If the adoption of telehealth were an Olympic sport, it would probably represent the steeplechase—an endurance event with obstacles that do not fall over when hit and with a 3.5 metre wide pit of water to jump across on almost every lap. Whilst many have been brave enough to try out for the event, most have decided not to enter at all as the barriers to success seem insurmountably steep.
By far the largest hurdle to the acceptance of telehealth has been the lack of robust evidence on outcomes to justify the investment. Earlier in the year, the Department of Health controversially published headline results from the Whole System Demonstrator trial ahead of the peer reviewed evidence. These results turned heads since they claimed telehealth led to significant reductions in hospital admissions and mortality.
With the evidence barrier seemingly “removed,” the government used the results as justification for its Three Million Lives campaign, that established a commitment to work with industry, NHS, and social care to roll out telehealth as a mainstream service. Though professionals and academics alike cautioned that full judgment should be withheld until the full evidence became available, the telehealth steeplechase began to look like a more promising prospect.
However, following the first peer reviewed results of the trial published in the BMJ in June, the accompanying editorials and commentaries concluded that the government had “jumped the gun.” They argued that the trial had not, in fact, provided enough of a convincing case to support a national rollout and that “the evidence base is essentially unchanged and uncertainties remain.” So, despite the fact that about 59 lives appeared to have been “saved” in the trial through telehealth (a 3.7 per cent absolute reduction), the impact on utilisation and costs suggested little room for cost savings.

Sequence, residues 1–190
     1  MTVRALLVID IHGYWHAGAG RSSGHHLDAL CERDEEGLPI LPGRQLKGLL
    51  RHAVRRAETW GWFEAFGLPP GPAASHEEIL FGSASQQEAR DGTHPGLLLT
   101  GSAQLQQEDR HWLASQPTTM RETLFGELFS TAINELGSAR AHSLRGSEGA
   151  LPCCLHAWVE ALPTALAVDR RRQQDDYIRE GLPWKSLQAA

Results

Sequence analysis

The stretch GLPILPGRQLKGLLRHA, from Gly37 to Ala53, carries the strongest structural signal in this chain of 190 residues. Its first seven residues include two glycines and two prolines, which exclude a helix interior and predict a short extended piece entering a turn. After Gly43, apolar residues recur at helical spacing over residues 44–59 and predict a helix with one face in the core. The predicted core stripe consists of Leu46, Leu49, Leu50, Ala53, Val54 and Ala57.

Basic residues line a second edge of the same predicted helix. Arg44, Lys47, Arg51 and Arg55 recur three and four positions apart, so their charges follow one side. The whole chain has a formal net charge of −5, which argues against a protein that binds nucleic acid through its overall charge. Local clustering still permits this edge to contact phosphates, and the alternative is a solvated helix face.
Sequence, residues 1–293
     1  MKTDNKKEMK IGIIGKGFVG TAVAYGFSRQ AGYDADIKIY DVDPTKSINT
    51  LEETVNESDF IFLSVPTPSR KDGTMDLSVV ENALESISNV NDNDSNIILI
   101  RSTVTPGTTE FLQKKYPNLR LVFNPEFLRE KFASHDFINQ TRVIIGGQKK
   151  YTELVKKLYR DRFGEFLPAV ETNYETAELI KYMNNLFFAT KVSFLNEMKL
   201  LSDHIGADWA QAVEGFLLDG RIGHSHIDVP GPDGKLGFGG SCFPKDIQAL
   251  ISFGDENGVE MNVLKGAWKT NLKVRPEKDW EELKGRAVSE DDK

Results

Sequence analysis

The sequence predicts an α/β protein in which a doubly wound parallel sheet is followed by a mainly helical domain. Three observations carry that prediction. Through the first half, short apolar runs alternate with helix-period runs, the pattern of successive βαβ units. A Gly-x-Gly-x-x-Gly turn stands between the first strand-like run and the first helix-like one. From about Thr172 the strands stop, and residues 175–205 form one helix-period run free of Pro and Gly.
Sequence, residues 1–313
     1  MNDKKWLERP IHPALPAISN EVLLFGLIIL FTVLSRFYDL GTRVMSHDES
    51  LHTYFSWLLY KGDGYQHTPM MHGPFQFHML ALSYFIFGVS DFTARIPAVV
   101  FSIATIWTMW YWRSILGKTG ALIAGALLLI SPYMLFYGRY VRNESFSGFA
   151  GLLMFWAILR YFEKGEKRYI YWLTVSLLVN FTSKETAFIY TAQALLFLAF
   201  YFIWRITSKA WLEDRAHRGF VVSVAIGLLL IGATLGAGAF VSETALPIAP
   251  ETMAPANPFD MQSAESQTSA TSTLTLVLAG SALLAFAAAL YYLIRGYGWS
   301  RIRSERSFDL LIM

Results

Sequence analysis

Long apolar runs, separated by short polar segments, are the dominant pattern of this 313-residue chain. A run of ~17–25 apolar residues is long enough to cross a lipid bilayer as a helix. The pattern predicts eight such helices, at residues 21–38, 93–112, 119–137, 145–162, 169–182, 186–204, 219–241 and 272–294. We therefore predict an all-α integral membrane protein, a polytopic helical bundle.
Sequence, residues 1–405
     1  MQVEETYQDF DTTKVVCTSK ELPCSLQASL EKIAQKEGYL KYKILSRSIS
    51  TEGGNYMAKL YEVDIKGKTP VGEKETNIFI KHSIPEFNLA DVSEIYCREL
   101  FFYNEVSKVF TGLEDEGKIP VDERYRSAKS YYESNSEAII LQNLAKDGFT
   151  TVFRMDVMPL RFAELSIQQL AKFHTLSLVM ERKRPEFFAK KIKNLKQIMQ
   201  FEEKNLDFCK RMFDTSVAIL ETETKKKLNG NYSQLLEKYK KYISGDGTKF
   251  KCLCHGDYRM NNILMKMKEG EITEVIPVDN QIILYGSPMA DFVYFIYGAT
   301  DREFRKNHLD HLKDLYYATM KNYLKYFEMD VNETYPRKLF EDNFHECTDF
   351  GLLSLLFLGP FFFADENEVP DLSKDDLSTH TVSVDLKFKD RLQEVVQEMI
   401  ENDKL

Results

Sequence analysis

The upshot of the story, as exposed in the recent debate on Radio 4’s Inside Health, is that the evidence for the appropriateness and effectiveness of telehealth—and hence its rollout as a government priority—polarises opinion. The Whole System Demonstrator trial has not provided the “proof of concept” on cost-effectiveness that it set out to demonstrate. Evidence, therefore, remains a significant hurdle to wider deployment, since even those who truly believe in the potential of new technologies will find it difficult to build the business case.
If telehealth is to be taken forward at all, then it must be part of a wider and long term commitment to service redesign that seeks to support self care and to better co-ordinate care and treatment to people with long term conditions in the home environment.
Find out more about our work on telehealth and telecare.
Nick Goodwin, senior fellow health policy, the King’s Fund.
This blog also appears on the King’s Fund website at http://www.kingsfund.org.uk/blog/